It has established a National Indigenous Training Academy there, where trainees undertake hospitality courses to Certificate levels 2 and 3 which are nationally accredited.
Graduates are assured jobs at the ILC resorts as well as with the national Accor chain of hotels.
Since acquiring the resort the ILC has invested $47m to modernise facilities including a $12 million convention centre for up to 425 delegates, establishing the national training academy, and upgrades to dining and bar areas, guest rooms and trainee accommodation.
Where does the resort buy its supplies – in Adelaide or Alice Springs?
We asked for a break-up in dollars but the ILC provided this answer: “Where possible the resort sources supplies locally.
“Around 30% to 40% of regular supplies by volume delivered to the resort are sourced from suppliers in Alice Springs from where the resort receives a road train delivery twice weekly.
“Additionally, the resort purchases goods and services from more than 60 Indigenous businesses including guided tours and guest cultural activities, arts and crafts, souvenirs and other products with an annual spend with these Indigenous suppliers alone of around $1.4m.”
The power station at the resort is owned by NT Power Water Corporation and the resort purchases its electricity and water from PWC at contracted rates based on consumption.
PHOTO: Tourism NT gives the resort prominence in its promotion of Central Australia.


  1. Running their own “Camel Cup” a week before the Alice Springs event and the $$$ going to business not the community of Alice Springs … and being funded by Tourism NT to do it.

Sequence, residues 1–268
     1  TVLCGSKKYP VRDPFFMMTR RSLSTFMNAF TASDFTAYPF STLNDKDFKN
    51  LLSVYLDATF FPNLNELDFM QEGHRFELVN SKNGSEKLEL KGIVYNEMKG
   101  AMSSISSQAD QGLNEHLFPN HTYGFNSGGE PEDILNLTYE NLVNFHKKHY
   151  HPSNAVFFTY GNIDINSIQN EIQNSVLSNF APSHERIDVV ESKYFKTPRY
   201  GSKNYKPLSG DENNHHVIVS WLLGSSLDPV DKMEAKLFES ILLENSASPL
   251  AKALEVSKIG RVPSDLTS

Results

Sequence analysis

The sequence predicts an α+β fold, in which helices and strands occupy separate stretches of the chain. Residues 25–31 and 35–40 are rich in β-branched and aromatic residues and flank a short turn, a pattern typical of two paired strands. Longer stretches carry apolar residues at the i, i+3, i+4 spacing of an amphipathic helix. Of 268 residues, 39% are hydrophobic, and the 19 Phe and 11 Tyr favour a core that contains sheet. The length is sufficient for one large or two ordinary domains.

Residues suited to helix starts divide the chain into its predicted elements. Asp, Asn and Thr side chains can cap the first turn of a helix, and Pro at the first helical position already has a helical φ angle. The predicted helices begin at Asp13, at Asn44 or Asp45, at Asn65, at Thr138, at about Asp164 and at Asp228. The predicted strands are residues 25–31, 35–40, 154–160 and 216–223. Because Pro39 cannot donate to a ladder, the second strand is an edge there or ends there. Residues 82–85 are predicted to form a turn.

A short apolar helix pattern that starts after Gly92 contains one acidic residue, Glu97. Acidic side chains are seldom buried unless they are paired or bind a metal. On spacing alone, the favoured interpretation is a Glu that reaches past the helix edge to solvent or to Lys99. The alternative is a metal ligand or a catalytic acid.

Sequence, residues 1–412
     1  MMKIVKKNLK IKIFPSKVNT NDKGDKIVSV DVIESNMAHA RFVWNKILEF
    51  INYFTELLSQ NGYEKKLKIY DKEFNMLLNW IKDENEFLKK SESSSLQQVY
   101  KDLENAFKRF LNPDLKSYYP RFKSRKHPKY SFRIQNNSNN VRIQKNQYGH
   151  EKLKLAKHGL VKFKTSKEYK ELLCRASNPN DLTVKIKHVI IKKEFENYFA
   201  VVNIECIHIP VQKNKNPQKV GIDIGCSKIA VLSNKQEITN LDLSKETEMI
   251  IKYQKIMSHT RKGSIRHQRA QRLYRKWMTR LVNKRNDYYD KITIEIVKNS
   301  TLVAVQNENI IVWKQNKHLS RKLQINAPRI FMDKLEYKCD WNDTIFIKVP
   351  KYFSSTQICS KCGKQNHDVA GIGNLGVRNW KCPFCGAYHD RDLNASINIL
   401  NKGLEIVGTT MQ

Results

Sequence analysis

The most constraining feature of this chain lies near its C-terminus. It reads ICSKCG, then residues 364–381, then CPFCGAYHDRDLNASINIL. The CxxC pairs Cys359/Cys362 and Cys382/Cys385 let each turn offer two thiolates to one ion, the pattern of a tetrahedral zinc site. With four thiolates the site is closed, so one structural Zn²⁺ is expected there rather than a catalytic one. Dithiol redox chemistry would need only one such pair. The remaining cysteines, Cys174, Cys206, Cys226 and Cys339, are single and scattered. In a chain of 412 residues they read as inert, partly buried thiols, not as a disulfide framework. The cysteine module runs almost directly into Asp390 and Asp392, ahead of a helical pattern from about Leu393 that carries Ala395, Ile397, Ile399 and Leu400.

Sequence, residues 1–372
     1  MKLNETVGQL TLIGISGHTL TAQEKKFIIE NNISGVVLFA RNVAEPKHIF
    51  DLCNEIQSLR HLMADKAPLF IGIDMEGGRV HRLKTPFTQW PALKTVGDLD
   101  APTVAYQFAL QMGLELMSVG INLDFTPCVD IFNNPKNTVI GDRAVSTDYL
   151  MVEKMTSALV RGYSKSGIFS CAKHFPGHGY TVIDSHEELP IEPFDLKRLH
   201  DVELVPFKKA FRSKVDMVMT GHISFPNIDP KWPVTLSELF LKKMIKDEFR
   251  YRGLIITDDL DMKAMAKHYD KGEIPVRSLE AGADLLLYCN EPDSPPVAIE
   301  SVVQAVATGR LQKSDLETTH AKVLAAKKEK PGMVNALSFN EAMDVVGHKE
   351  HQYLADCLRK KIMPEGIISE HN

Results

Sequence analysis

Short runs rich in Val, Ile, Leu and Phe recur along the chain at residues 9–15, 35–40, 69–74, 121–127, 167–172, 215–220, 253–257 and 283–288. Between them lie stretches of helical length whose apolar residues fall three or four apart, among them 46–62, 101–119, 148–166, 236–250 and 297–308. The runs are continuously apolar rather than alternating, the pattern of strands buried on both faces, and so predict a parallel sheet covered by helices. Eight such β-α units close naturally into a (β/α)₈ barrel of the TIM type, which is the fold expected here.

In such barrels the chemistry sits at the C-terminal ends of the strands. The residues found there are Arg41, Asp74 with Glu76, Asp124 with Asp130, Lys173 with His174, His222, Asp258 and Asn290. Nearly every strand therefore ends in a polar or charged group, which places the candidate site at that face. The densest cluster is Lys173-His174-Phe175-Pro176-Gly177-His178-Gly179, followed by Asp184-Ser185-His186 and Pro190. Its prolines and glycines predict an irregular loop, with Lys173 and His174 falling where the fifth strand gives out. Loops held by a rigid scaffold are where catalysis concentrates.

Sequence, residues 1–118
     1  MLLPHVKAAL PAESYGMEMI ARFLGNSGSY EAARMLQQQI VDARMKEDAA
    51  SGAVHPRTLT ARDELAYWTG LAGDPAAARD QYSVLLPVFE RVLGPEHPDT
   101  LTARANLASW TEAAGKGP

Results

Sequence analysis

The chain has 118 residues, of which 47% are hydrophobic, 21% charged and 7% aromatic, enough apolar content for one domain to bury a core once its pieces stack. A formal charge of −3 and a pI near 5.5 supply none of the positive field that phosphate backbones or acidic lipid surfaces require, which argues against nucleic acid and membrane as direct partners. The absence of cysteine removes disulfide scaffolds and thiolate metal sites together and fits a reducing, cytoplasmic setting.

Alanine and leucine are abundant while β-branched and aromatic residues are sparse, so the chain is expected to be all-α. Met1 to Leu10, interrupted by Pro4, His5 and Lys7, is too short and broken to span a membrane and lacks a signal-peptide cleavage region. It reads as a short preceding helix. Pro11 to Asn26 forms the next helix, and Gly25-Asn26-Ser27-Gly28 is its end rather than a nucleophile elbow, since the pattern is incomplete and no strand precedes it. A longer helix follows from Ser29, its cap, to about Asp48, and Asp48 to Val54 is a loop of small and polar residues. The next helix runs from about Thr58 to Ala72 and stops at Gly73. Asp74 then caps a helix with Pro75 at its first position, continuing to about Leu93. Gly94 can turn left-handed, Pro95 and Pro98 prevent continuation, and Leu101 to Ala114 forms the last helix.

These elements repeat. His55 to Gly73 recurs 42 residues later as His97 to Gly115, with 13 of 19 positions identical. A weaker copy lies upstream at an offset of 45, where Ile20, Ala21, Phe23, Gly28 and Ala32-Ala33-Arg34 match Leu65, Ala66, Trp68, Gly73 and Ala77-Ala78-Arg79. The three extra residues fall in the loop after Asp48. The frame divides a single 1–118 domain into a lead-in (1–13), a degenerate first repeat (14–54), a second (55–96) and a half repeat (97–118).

2. “The Rock” was given away many years ago … no good bitching about it now. The whole concept of NT tourism is a mess, and though I doubt it is possible to fix things now, all I can say is that what happened to tourism and the tourism assets the Territory (The Rock and Alice in particular) is shameful.

  3. Ayers Rock Resort runs at only around 50% occupancy, thanks in part to the extreme expense of staying there. How many additional visitors would we get if it was cheaper to visit Ayers Rock?
    Many visitors limit their trip to Ayers Rock only as it is the number one destination for the NT, but the expense of doing so and the current cost of accommodation in Darwin means they make a financial decision to not visit the rest of the NT.
    It would be good to see the Ayers Rock Resort split up if they are sold again to introduce some competition in the market, an average room rate of $220 is not doing any favours for the rest of the Territory.

  4. What’s in it for us Alice Springs.
    We still need to remember that due to Ayers Rock Resort, Central Australia and the Northern Territory had many very lucrative years.
    This was due to the foresight of those early tourism pioneers and politicians and what they all had in common were ideas, new ones, this is what we are seeing out at the Ayers Rock Resort.
    Now its time for the Alice to do the same. We need to support the changes put in place to make it a safer town, as having tourist assaulted in the street is not good for our image.
    Being able to walk down the Todd Mall without being humbugged by drunks helps as well.
    Having Tourism NT back in the Alice where it belongs is a great start.
    Some more new ideas would be good, it’s not hard, what about Neville Shute, haven’t we bled that for all it’s worth? I haven’t heard a word about the mention of Alice Springs or of the Ghan train by well known adventure writer Clive Cussler, great for the American market, get him over put him on the train bring him to Alice.
    I would even drive him around myself.
    So what is in it for the Alice, everything if we can make it bigger and better.
    You only have to see the examples of the desert race and the masters games ect.